According to him, many of the women lament the high cost of transporting themselves to the clinic. Hanatul Luka was seen at Bayara General Hospital with her antenatal care card arguing with a commercial motorcyclist over the sudden hike in fare.
“Things are really hard. I came here for antenatal with my last N500. I only drank pap this morning. Now, this N500 won’t take me home. This is a distance that I used to spend only N250. How do I come next time for the next antenatal?” She lamented.
Ruing the situation, the Executive Director of the Civil Liberties Organisation (CLO), Ibuchukwu Ezike, said it was wrong for anyone to believe that the current hardship in the country is a result of the removal of fuel subsidy.
To him, the increase in the pump price of petrol is not a result of removal of fuel subsidy, because there has never been a subsidy on fuel in the country. He said the current hardship was orchestrated to punish Nigerians.
“CLO does not belong to the school of thought that believes that petroleum products are subsidised for Nigerians since after 1989 when the Maj. General Ibrahim Babangida (rtd) junta removed the subsidy on the commodity. The Nigerian students under the umbrella of the radical National Association of Nigerian Students (NANS), Nigeria Labour Congress (NLC), Nigerian Bar Association (NBA), Academic Staff Union of Universities (ASUU), the radical press, Nigeria Medical Association (NMA), human rights associations and left organizations then came together to oppose the withdrawal of the subsidy and criminal increase in the pump prices of these products.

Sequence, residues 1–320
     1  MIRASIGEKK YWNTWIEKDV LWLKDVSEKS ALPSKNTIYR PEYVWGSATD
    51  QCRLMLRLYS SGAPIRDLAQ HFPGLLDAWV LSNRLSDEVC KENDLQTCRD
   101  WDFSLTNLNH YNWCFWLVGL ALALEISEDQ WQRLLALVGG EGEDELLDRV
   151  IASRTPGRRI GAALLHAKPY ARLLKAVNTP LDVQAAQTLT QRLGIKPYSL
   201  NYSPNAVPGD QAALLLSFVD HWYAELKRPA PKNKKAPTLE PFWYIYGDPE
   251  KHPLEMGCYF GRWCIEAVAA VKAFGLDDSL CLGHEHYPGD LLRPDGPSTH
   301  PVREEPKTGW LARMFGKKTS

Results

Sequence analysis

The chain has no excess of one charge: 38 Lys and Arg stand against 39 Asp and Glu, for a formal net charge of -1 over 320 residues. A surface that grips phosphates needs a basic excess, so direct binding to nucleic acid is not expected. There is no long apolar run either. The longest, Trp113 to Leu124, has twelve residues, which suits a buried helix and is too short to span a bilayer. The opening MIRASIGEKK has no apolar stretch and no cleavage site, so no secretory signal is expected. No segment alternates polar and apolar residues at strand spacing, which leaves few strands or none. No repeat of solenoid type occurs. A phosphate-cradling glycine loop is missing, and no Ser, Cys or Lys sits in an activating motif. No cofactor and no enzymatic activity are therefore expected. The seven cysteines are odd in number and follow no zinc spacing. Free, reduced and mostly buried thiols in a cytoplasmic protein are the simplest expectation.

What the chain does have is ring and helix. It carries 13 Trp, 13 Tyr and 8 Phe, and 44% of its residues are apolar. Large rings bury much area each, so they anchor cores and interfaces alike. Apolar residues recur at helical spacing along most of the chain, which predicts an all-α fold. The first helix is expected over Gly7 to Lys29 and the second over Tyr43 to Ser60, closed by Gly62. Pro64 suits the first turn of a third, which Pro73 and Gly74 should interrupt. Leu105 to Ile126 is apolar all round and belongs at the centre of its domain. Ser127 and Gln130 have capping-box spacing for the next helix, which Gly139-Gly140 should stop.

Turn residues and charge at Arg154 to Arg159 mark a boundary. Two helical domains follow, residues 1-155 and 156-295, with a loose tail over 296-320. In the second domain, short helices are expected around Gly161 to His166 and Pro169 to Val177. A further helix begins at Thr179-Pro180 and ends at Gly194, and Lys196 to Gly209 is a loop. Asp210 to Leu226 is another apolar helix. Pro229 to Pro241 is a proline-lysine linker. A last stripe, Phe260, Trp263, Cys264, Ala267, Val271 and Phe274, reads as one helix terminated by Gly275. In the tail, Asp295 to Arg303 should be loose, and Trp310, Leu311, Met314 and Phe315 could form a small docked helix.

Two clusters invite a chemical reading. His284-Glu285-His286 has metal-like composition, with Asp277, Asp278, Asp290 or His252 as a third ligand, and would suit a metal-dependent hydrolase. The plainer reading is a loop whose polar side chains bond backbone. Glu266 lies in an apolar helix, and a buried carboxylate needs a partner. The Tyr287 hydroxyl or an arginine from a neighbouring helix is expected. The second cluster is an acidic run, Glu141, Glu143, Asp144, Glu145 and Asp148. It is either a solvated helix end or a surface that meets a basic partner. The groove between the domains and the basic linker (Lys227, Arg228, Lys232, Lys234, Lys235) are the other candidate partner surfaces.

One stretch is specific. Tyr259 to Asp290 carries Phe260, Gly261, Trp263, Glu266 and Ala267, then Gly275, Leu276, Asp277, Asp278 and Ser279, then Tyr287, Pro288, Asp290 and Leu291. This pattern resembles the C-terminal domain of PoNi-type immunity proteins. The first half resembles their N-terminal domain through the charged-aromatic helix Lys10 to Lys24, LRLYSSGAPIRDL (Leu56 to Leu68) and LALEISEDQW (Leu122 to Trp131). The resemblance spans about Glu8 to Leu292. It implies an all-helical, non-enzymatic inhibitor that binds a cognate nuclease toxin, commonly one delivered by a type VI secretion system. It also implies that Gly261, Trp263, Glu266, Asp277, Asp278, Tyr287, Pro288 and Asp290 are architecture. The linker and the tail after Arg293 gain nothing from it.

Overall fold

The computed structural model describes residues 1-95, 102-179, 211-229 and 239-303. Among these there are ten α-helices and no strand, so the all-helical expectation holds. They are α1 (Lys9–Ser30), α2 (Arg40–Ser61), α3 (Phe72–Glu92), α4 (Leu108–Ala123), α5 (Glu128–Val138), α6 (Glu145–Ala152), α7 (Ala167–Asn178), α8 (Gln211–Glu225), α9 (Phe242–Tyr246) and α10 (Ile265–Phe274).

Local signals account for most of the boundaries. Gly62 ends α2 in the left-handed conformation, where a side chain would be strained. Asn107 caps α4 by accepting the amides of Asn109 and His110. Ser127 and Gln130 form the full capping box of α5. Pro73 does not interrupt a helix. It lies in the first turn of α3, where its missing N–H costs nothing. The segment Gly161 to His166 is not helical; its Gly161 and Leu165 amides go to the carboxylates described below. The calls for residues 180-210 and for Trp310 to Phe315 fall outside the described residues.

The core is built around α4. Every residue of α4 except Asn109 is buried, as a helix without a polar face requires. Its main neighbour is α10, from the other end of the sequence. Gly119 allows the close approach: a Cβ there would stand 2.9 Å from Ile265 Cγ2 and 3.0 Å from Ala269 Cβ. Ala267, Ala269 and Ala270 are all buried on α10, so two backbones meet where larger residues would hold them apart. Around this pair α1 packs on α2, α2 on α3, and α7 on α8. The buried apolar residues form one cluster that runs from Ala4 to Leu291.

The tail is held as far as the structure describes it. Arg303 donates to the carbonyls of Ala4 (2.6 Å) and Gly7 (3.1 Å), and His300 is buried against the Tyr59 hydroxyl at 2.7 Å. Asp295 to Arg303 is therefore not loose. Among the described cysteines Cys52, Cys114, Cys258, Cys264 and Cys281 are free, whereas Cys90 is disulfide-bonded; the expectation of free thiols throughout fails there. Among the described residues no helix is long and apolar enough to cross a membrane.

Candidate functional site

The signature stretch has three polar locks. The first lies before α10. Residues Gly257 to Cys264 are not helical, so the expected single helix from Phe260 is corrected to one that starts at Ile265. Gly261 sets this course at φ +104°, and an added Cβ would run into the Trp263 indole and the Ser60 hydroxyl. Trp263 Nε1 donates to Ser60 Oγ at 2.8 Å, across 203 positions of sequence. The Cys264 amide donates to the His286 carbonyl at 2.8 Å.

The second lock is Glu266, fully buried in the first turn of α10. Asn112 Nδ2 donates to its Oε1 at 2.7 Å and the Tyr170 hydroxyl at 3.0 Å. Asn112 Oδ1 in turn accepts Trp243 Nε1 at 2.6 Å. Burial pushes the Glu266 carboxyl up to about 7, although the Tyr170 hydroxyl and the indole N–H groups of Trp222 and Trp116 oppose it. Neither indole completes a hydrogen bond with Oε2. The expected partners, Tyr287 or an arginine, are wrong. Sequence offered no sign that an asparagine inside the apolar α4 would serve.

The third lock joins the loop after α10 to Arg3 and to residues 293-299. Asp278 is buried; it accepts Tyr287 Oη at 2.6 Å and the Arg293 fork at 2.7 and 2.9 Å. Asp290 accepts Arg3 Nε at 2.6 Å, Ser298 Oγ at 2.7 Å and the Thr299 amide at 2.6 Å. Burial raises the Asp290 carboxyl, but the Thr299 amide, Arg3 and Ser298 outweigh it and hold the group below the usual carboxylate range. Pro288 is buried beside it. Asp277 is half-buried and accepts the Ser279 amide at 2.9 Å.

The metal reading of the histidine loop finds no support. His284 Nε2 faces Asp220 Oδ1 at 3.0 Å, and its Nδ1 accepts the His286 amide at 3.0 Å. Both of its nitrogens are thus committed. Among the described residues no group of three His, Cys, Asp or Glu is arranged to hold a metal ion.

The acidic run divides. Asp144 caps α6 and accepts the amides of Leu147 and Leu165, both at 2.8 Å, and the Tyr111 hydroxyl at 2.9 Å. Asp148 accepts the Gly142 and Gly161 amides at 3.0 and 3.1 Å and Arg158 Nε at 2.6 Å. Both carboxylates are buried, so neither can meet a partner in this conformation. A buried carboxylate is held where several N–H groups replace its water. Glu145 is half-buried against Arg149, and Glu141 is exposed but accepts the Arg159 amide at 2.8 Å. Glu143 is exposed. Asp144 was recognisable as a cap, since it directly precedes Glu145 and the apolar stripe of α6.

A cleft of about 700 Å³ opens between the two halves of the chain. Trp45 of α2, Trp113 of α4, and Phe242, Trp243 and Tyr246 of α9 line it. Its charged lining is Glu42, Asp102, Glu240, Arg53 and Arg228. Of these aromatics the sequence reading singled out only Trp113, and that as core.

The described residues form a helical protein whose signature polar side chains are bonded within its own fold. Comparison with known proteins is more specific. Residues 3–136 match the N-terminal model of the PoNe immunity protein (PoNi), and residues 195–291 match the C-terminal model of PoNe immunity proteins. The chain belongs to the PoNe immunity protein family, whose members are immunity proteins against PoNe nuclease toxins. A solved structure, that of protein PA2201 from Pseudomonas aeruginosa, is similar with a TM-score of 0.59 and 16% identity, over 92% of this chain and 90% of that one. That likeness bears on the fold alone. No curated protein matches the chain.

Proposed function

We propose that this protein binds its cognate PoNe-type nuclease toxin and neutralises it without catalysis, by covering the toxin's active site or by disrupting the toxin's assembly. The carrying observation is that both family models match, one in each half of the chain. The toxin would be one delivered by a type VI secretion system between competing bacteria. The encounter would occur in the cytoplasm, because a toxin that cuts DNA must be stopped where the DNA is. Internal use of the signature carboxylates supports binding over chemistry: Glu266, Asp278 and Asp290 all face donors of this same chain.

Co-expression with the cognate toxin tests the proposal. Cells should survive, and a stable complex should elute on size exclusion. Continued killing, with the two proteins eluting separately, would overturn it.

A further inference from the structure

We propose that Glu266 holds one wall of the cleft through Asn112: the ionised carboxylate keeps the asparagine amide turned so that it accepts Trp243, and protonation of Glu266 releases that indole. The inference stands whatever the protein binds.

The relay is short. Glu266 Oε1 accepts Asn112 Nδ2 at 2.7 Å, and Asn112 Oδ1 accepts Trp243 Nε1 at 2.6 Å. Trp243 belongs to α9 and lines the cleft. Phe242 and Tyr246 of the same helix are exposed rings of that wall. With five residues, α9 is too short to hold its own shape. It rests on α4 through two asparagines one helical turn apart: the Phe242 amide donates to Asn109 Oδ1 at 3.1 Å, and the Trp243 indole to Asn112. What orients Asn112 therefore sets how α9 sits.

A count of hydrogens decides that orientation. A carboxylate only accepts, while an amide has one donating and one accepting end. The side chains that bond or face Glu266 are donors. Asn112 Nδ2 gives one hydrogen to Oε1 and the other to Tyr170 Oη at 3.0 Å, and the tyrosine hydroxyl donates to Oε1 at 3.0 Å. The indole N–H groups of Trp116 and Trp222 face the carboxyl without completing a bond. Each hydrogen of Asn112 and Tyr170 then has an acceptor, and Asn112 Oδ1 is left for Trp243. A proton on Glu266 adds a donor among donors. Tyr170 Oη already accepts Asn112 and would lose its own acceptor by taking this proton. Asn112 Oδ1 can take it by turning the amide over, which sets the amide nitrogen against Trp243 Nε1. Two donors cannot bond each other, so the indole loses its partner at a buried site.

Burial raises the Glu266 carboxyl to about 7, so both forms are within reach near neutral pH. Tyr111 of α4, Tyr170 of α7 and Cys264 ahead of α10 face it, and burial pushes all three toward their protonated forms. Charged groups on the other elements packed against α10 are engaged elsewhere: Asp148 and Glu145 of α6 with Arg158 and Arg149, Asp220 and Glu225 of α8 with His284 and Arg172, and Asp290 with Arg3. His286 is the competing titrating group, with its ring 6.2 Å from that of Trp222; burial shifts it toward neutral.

“The prices were not increased irrationally, the government introduced some programmes that cushioned the grave effects of subsidy removal from petrol. The protest was tagged anti-Structural Adjustment Programme (Anti- SAP) protest of 1989. Anti-SAP buses were provided for workers, students, professional associations like the NBA, NMA, farmers’ unions and the general public, while there was no increment in school fees, prices of foodstuffs, rents and household goods, but there was increase in salaries of workers. Since that period, there has not been any incident of re-introduction of oil subsidy in Nigeria, rather what we started witnessing was the collapse of oil refineries in the country and the shipping of crude oil out of the shores of Nigeria to be refined in countries where our corrupt and ruthless rulers were said to have built refineries. It was also this time that an independent marketers union was erected to do oil business on behalf of the members of the thieving civilian and military political classes. During this period, the government started paying them for shipping crude oil overseas, and the cost of refining and shipping the products back to Nigeria. This money, known as subsidy, is paid to the marketers and not to the Nigerian people who, thereafter, make returns to our wicked and unconscionable rulers.”